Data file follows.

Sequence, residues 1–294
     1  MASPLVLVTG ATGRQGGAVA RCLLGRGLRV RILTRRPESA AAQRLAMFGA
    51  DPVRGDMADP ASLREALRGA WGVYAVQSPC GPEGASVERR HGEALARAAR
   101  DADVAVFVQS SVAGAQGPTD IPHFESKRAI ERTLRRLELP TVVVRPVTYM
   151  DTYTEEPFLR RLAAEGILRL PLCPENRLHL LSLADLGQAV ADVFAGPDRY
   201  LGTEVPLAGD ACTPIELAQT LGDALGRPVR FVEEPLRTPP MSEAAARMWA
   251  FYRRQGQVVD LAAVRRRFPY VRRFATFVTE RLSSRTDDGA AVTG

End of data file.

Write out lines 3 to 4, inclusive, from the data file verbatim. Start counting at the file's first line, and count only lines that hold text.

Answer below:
    51  DPVRGDMADP ASLREALRGA WGVYAVQSPC GPEGASVERR HGEALARAAR
   101  DADVAVFVQS SVAGAQGPTD IPHFESKRAI ERTLRRLELP TVVVRPVTYM